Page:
LANSING, Mich. (Michigan News Source) – Several educators, nutritionists, and members of advocacy groups, including the American Heart Association, spoke before the Appropriations Subcommittee on School Aid and Education to discuss the merits of reinstituting the Healthy School Meals for All Program. 

Dr. Diane Golzynski, Interim Deputy Superintendent, Finance and Operations at the Michigan Department of Education was the first speaker and emphasized the importance of supporting Governor Gretchen Whitmer’s budget which would allocate $160 million to ensure that all students in the state could receive access to free breakfast and lunch. 

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“Providing meals in the same way we provide books and transportation provides equity for all students, reduces hunger, creates goodwill with families and communities, enables all students to be prepared for learning, and provides much needed income flexibility for families,” Dr. Golzynski said. 

During the COVID-19 Pandemic, the federal government provided funding to the states to provide school meals for students through the Healthy School Meals for All program.  That funding ceased this school year, and so far only five states have picked up the tab on providing those meals for free to students again. 

However, since the funding ended, statistics have shown since the end of the USDA waiver, the number of students eating at school has suffered a significant decline.  

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“This year on average over 52,000 fewer children are eating breakfast everyday, and over 73,000 fewer children are eating lunch at school everyday than they did when meals were free,” Dr. Golzynski said. 

A panel representing the Oakland School District also testified in favor of the budget and using a supplemental bill to decrease the time to implement a state version of the Healthy School Meals for All program. Vice President of Oakland School Board of Education, Theresa Rich, shared how she personally was affected by the stigma of being on free and reduced lunch.  

“I dreaded lunch time,” she said, “I had special colored tickets for lunch, I had the pink tickets, and all the other kids had the yellow tickets, and as lunch time would draw near I would get a pit in my stomach.”  

She recalled how she would be sent to the back of the line with her pink tickets, which was different from the other students’ lunch tickets. 

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“Because of course they wanted to make sure the yellow ticket kids got to take advantage of whatever the good meal was that day and if the pink ticket kids got whatever was left, who cared, it was free for them anyway,” Rich said. 

The American Heart Association, represented by the Michigan Government Relations Director, Collin McDonough, shared some additional statistics and support for making Michigan the seventh state to adopt a Healthy School Meals for All program. 

“This program would provide no cost breakfast and lunch to all Michigan public school students,” McDonough said, “It’s estimated to impact 1.4 million students and serve over 18 million meals.”  

Additionally, the program would help children mitigate and help prevent various illnesses, and by starting healthier trends at a younger age. 

“Currently, ⅓ of children are not only at an unhealthy weight but are also at an increased risk of developing heart disease and diabetes,”  McDonough said, “This means that youth now have health conditions that were previously only associated with adults.”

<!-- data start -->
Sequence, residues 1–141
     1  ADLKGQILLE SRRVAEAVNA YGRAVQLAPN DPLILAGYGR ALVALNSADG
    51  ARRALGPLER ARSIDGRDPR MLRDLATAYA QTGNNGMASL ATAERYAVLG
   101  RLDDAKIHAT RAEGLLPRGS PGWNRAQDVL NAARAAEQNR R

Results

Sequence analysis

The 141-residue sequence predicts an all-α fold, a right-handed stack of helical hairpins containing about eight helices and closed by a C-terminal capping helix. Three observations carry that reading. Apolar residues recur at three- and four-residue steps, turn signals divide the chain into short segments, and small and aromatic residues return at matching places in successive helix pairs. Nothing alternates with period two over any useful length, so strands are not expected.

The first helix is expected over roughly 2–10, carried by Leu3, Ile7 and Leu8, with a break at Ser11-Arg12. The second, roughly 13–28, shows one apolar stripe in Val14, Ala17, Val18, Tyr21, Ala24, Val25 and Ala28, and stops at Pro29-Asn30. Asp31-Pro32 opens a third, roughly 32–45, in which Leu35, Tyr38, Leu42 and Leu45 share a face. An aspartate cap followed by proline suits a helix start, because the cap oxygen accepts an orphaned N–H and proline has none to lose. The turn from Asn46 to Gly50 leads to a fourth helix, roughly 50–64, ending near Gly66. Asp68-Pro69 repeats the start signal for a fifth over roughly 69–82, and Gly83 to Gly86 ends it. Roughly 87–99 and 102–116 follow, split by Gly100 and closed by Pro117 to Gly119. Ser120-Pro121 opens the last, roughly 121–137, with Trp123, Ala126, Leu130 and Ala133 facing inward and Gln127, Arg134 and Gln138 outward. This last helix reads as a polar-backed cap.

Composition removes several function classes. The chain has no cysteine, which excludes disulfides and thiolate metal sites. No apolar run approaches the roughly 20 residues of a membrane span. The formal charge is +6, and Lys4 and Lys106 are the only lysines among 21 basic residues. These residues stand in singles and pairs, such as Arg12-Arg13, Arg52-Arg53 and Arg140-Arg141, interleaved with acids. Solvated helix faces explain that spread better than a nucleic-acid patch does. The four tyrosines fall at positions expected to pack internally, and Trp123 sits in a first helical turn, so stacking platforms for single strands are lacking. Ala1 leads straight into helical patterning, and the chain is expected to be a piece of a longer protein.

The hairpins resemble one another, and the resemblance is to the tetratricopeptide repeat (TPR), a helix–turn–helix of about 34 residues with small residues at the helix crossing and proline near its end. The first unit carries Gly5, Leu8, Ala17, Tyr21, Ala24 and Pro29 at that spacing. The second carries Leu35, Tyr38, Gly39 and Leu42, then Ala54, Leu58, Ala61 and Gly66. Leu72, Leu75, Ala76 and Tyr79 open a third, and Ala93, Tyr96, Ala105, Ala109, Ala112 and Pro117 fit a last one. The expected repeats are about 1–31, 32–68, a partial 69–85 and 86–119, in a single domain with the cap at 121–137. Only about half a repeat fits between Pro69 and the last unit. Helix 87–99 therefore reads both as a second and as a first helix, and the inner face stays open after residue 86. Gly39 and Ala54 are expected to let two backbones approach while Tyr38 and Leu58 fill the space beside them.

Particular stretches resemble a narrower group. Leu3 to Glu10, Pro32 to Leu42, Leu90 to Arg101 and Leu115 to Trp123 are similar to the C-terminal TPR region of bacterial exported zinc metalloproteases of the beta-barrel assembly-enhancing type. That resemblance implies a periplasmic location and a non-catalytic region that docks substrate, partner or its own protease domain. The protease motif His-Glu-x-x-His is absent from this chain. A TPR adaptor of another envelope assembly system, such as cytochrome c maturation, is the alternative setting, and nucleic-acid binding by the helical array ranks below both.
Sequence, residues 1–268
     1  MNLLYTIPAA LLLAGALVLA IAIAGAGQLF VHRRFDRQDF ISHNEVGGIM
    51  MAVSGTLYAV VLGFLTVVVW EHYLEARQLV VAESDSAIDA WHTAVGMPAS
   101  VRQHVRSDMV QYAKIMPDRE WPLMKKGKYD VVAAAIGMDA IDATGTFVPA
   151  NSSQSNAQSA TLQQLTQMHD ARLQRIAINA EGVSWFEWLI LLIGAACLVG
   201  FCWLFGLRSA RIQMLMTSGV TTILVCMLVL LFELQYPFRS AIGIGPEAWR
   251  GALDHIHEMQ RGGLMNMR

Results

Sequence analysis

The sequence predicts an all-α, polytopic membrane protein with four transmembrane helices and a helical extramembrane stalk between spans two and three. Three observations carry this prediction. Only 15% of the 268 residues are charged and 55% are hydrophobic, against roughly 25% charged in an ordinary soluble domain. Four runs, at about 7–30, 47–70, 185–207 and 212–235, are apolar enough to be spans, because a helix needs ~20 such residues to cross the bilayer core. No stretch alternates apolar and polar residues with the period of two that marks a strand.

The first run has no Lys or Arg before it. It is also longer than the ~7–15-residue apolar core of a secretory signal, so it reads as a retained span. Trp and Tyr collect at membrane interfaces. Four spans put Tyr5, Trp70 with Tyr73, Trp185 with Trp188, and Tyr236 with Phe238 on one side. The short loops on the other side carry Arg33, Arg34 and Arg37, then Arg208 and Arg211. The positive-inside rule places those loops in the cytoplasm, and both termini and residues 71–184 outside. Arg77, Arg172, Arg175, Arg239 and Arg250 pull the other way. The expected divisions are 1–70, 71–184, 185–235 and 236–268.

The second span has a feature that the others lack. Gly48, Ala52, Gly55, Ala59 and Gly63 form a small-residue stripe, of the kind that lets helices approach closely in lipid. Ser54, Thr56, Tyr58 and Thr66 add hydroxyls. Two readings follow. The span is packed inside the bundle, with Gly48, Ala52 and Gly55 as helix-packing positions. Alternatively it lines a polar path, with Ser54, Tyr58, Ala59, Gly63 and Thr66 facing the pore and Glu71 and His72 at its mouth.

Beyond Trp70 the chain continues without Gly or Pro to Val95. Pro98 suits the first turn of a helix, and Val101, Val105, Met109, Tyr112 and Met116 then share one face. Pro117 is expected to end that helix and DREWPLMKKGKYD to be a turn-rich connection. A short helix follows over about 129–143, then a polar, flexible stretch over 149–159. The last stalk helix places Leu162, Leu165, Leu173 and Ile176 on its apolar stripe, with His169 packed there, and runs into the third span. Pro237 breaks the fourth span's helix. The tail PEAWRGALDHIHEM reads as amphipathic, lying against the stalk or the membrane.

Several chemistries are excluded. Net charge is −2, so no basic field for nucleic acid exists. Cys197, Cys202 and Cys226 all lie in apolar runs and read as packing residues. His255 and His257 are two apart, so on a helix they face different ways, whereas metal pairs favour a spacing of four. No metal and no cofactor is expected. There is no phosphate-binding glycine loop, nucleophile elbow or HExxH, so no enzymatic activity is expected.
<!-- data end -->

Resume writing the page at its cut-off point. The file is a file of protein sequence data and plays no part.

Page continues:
Subcommittee Chair and Representative Regina Weiss (D-Oak Park) inquired about how the program would accommodate students with specific dietary needs including food allergies, gluten free, plant based diets, or students eating kosher or halal diets. 

“The federal program requires that we meet students’ individual needs if they have a medical necessity, so if we have a note from a doctor that says that this child is allergic to these items then we must provide a meal at no additional cost to that family that meets their nutritional requirements,” Dr. Golzynski said, “now, when it comes to family choice, plant based or religious reasons, there is not a requirement but it is strongly recommended and what we see is that the districts do it because it is the right thing to do, especially if they have a large population that all have that same type of meal program.” 

Representative Matt Koleszar (D- Plymouth) asked whether the speakers would also support having the program in a supplemental bill as opposed to just in the FY 24 budget. 

“100% because school starts in August,” Dr. Golzynski said, “And waiting until October 1 means that we continue to miss kids.”

Some of the subcommittee members voiced concerns regarding food waste for students who are part of the program, but dietician and Senior Program Manager at No Kid Hungry Michigan, Mindy Grant offered a possible solution. 

“When breakfast is moved into the classroom it really does completely mitigate that because kids are focused, they are paying attention, and they are eating, as opposed to trying to eat as quick as they can to get out for recess or the next class in time because if they come just a couple of minutes late they may not have time to eat,” 

She also suggested that  at lunch time having more lunch options available is something that schools are working to increase so that students receiving the food can have a greater chance of choosing something they want to eat as opposed to something that they have to eat. 

The other states that have already passed budgets to reinstate the free meal programs include California, Colorado, Maine, Vermont, Nevada, and Massachusetts according to McDonough.  Other states with ongoing Healthy School Meals For All campaigns are Illinois, Ohio, and Minnesota, and other states outside of the Midwest.